Hamlet’s line “To be or not to be…” is one of Shakespeare’s most famous. And he did write quite a few good ones. Hamlet’s concern is a choice between living a troubled life; and embracing death. OK, it’s a fairly deep analogy when it comes to innovation, but the choice of embracing or avoiding innovation choices can lead to corporate death – think Kodak.
While Hamlet appears to seriously assess the pros and cons of life and death, I’m not sure the evaluation of innovation is always as fair. There is a lot of in depth analysis, modeling and risk evaluation about the innovation option. The alternative “as is” scenario usually assumes that current momentum and trend growth continues. The point of this blog is to argue that the same depth of analysis and consideration should be given to the choice of not developing or implementing a particular innovation.
There is an old adage that if you continue to do what you’ve always done in the same way with the same people, you’ll get the same results. I don’t agree with this. I would argue that business would decline, because competitors are unlikely to be taking the same laissez-faire approach. So while the risk of not innovating may be greater than implementing it, it’s not always appreciated.
I’m not advocating a foolhardy implementation of innovation for it’s own sake. Innovation is all about doing something new that adds value, which does good things for customers and grows the financial top and bottom lines. If it doesn’t do any of this, then of course there may good reasons for not doing it. But when market decline, heightened competitive threat, consumer irrelevance or other seismic factors will seriously damage your business, the momentum trend line is not a fair comparison.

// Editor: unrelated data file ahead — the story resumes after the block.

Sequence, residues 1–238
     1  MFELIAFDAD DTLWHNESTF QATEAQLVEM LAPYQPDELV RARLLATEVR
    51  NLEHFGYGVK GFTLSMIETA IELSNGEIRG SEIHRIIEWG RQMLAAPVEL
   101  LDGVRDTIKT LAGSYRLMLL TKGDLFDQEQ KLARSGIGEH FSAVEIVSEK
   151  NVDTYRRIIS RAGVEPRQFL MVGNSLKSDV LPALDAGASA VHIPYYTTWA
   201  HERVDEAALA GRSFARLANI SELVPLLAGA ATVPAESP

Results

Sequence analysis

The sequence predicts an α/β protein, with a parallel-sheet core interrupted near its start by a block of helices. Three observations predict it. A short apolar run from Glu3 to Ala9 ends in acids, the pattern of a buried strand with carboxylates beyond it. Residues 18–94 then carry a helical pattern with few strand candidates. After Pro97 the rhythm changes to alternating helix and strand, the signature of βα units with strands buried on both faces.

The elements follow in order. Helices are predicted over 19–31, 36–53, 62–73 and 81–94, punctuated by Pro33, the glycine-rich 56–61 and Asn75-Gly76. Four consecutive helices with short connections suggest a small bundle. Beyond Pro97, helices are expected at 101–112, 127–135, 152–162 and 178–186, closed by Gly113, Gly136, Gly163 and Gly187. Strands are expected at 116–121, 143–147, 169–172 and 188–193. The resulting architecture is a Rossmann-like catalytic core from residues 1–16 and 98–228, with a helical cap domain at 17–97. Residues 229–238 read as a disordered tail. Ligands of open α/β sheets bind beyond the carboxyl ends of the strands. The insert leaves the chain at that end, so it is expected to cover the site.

What are some of the objections to innovation that argue for not doing anything.
1. It will cannibalize our existing business.
Nobody has a monopoly on creativity, smart people and excellent execution. So if you’ve identified the opportunity and decide not to do it, somebody else might just go ahead. The same argument applies whether the cannibalization is of top line revenue or profit margin.
Blockbuster decided they had too much invested in bricks and mortar to move online. So Netflix did it for them. Kodak decided not to enter digital when it had the technology to do so because it would have been a lower margin than film.
2. It opens up a new segment that we don’t own.
Every business wants to have a leading market share if at all possible. Segment leaders feel comfortable, but if new opportunities are presented which potentially change the nature of the business, it becomes the classic innovator’s dilemma. Such disruptions don’t need to be imminent, they can also appear incrementally over time. Leaders should always be aware, and evaluate the “carry on as we are” alternative with a healthy dose of paranoia.
3. It’s too expensive to implement.
That may well be true. But is it a fair comparison with a realistic financial assessment of the “do nothing” option? If it’s a fair, objective comparison, that’s fine. The challenge then is to the creativity and resourcefulness of the people in the firm, to find ways to make the innovation work using alternative approaches that may be more cost effective.
4. It’s not our business.
That depends how you define your business. If it’s too narrow, you’re in danger of being squeezed out of existence. If it’s too wide, resources may be spread too thinly and you may not be competitively competent in the areas that matter.
There are no easy answers, every company and industry have their own characteristics that need to be taken into account. Ultimately, as long as both the launch and don’t launch scenarios are given the same in depth treatment, it’s then down to leadership and judgment. I’ll leave the final word to Shakespeare - “There is a tide in the affairs of men which, taken at the flood, leads on to fortune; omitted, all the voyage of their life is bound in shallows and in miseries.”